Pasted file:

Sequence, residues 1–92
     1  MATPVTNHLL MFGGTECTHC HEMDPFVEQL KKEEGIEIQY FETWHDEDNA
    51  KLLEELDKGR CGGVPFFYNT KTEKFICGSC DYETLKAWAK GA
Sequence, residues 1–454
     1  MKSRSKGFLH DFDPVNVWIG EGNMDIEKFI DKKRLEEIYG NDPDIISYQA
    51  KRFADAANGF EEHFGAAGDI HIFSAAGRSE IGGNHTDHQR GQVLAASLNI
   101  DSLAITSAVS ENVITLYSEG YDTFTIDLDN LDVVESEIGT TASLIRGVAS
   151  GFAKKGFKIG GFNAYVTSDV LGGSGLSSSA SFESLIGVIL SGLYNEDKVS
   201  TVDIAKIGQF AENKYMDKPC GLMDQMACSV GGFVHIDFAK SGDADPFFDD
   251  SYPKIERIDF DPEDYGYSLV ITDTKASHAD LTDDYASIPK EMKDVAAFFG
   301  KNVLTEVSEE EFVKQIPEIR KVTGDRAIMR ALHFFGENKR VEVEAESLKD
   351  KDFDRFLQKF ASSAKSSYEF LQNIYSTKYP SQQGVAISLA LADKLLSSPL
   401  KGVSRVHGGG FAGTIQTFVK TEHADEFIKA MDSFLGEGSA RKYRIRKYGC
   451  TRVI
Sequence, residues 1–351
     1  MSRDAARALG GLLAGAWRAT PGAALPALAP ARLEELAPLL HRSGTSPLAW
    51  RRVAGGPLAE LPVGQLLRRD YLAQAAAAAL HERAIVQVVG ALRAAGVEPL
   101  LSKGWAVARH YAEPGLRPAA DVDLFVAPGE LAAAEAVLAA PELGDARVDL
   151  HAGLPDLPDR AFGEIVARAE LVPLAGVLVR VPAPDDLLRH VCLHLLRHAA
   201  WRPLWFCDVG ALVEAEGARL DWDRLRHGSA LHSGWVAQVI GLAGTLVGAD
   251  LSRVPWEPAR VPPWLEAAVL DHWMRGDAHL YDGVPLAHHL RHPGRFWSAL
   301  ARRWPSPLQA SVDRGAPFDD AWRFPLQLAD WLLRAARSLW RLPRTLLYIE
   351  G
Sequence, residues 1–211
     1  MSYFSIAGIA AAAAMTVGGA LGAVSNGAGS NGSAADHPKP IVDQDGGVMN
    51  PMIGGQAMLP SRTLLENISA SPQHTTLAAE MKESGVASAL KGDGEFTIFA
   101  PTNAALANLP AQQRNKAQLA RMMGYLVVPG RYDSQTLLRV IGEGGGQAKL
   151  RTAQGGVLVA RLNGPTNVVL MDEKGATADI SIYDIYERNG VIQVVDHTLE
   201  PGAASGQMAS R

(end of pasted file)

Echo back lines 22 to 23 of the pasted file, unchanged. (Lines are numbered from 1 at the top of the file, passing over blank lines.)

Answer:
   301  ARRWPSPLQA SVDRGAPFDD AWRFPLQLAD WLLRAARSLW RLPRTLLYIE
   351  G